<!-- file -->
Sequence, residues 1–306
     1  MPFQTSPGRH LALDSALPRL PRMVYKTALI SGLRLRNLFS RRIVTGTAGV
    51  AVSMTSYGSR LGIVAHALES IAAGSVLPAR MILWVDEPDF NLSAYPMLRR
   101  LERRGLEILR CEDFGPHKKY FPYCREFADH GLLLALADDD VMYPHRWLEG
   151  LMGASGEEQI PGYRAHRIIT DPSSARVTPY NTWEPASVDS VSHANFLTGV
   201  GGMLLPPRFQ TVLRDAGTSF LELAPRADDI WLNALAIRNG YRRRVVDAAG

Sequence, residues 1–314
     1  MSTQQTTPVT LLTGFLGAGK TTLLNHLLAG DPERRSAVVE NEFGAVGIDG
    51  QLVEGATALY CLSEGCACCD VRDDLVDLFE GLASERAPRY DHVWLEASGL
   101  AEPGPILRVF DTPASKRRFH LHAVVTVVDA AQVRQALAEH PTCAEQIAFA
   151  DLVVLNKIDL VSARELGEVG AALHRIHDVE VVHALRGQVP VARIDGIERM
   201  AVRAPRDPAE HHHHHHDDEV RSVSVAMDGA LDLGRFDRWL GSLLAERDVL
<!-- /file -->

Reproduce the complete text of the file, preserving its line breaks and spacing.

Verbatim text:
Sequence, residues 1–306
     1  MPFQTSPGRH LALDSALPRL PRMVYKTALI SGLRLRNLFS RRIVTGTAGV
    51  AVSMTSYGSR LGIVAHALES IAAGSVLPAR MILWVDEPDF NLSAYPMLRR
   101  LERRGLEILR CEDFGPHKKY FPYCREFADH GLLLALADDD VMYPHRWLEG
   151  LMGASGEEQI PGYRAHRIIT DPSSARVTPY NTWEPASVDS VSHANFLTGV
   201  GGMLLPPRFQ TVLRDAGTSF LELAPRADDI WLNALAIRNG YRRRVVDAAG

Sequence, residues 1–314
     1  MSTQQTTPVT LLTGFLGAGK TTLLNHLLAG DPERRSAVVE NEFGAVGIDG
    51  QLVEGATALY CLSEGCACCD VRDDLVDLFE GLASERAPRY DHVWLEASGL
   101  AEPGPILRVF DTPASKRRFH LHAVVTVVDA AQVRQALAEH PTCAEQIAFA
   151  DLVVLNKIDL VSARELGEVG AALHRIHDVE VVHALRGQVP VARIDGIERM
   201  AVRAPRDPAE HHHHHHDDEV RSVSVAMDGA LDLGRFDRWL GSLLAERDVL